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Letters to the editor

Hope of peaceful coexistence vanishes with Crimson Tide flags

We have lived in Fort Wayne since 1995, but we are fans of the Crimson Tide of Alabama.

We became fans when our son, a National Merit finalist, was offered and accepted a full academic scholarship to the University of Alabama, something not offered by in-state universities.

Our daughter followed him a year later, and our family came to love the university, southern hospitality, the community of Tuscaloosa, which is still recovering from the devastating tornado, and the football team.

For years, we have proudly flown a Crimson Tide flag during football season and love the friendly conversations it triggers with neighbors passing by.

So it was with dismay that we found our flag missing Dec. 15. We attributed it to the wind. After Christmas, we put up another flag, which quickly disappeared. This time the bent hooks and lack of wind suggested someone ripped it from the porch. Sadly, we now suspect the wind was not the culprit in the first flag’s disappearance.

We will never know if it was kids bored during winter break, an anxious Notre Dame fan, or someone sick of the SEC, but it makes us wonder. If, as a people, we can’t peacefully coexist with football rivals, how can we expect countries to settle their differences and live in harmony?

On Monday, the Crimson Tide and the Fighting Irish met with the Tide winning 42-14. As Crimson Tide fans, we admired the talent on both sides of the field, hoped for a good game and prayed for no injuries.


Country tired of Washington games masquerading as political principle

As a voter, I was dismayed during the November election to find that so many members of the U.S. House and Senate had signed the “no tax increase.” pledge of Grover Norquist.

Who is Grover Norquist anyway, and why should members of Congress be his pawns?)

According to Internet research, 271 members of Congress had signed Norquist’s pledge including Rep. Marlin Stutzman and Sen. Dan Coats. Sen. Richard Lugar was one of the few Republican members of Congress who had not signed the pledge, and thereby, was targeted by far-right conservative interests during his primary election against Richard Mourdock.

Now, I don’t want my taxes to go up any more than anyone else, but in this time of economic crisis where a runaway deficit threatens our very future, I believe that all options for a solution ought to be on the table whether those options include spending cuts, tax increases, entitlement changes or code rewrites

My wise wife pointed out to me that the irony is that while these few lawmakers absolutely refused to consider any type of tax increases for any income level including the wealthy as a matter of principle, they were willing to allow the U.S. to go over the fiscal cliff and bring on tax increases for everyone. Oh well, so much for principle.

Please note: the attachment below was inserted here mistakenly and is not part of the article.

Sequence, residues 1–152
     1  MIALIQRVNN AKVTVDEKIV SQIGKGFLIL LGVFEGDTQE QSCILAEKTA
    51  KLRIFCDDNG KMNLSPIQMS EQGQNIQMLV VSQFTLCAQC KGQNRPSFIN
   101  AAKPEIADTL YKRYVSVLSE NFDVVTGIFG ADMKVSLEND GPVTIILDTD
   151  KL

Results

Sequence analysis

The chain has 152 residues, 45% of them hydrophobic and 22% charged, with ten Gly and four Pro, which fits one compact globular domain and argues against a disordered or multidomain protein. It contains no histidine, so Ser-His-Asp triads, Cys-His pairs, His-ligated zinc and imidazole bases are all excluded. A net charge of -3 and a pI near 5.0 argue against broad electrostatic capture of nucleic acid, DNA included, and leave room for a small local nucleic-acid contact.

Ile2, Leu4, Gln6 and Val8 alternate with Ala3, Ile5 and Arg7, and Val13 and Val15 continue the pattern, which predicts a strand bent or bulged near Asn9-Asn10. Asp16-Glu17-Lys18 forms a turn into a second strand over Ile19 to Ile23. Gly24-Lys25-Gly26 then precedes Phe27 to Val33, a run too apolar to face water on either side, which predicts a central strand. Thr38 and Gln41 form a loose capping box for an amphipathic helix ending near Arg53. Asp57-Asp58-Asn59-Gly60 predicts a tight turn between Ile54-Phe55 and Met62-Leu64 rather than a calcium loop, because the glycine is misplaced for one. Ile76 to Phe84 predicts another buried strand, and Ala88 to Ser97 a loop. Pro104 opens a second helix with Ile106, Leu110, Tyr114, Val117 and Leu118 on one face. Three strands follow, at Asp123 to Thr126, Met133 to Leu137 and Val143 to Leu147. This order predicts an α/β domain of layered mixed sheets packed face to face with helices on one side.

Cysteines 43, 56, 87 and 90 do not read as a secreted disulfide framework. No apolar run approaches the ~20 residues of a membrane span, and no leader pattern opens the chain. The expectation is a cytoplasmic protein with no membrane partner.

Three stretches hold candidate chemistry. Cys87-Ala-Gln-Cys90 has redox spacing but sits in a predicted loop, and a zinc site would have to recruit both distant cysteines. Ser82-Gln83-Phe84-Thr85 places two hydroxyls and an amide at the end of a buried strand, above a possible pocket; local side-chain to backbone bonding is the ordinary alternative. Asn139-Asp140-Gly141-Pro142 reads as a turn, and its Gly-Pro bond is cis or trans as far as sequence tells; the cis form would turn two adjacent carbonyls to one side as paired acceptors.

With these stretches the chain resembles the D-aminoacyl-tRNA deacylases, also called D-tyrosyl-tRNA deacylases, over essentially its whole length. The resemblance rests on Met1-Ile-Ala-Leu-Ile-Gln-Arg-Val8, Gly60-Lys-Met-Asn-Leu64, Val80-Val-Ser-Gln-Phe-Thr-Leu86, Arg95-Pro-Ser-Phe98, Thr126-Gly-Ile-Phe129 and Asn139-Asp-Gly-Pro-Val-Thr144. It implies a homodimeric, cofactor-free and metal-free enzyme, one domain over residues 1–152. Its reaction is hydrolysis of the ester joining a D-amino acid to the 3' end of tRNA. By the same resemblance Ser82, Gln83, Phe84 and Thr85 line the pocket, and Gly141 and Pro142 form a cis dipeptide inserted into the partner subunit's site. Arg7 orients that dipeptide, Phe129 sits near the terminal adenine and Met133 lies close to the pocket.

C’mon, Congress, the country is pleading for you, our lawmakers, to act like you really care about us and the country and not treat us to these political games disguised as principles.

DAVID DEW Fort Wayne

Gen. Wayne statue would distract from original intent for Green

In regard to the Perspective piece, “Keep Anthony Wayne where he’s star of show” (Dec. 30), I wish to state that I am opposed to moving the Gen. Wayne statue to the Courthouse Green.

The Green was created as an open space from which to view the Courthouse. The placement of the statue on the Green would detract from an open view of the Courthouse. It would interfere with the original plan of the Green and would create a cluttered look.

I am a member of the board of directors of the Allen County Courthouse Preservation Trust. Through donations and the assistance of the county commissioners, we were not only able to save the Courthouse murals but to restore the entire Courthouse. Mayor Tom Henry even arranged to get new lighting for the outside of the Courthouse.

As a part of the restoration, we were fortunate to find that Dick Waterfield had acquired title to all the land that now comprises the Green. The trust, through generous additional donations, was able to purchase the land from Waterfield, tear down the buildings and create the Courthouse Green.

We have succeed to date in preventing memorials, statues and even military equipment from being place on the Green by many well meaning people. All of these items would detract from the beauty and plan of the Green. I hope that those persons trying to move the Anthony Wayne statue to the Green will reconsider.